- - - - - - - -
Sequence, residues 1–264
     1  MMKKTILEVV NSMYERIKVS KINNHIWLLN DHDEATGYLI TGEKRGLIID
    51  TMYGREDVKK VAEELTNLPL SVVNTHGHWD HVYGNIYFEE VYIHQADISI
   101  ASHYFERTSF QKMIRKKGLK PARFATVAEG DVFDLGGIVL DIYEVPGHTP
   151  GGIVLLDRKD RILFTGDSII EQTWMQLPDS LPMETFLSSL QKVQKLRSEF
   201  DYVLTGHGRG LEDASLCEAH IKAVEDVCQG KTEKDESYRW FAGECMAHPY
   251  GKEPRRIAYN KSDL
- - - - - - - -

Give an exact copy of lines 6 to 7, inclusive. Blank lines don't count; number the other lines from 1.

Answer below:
   201  DYVLTGHGRG LEDASLCEAH IKAVEDVCQG KTEKDESYRW FAGECMAHPY
   251  GKEPRRIAYN KSDL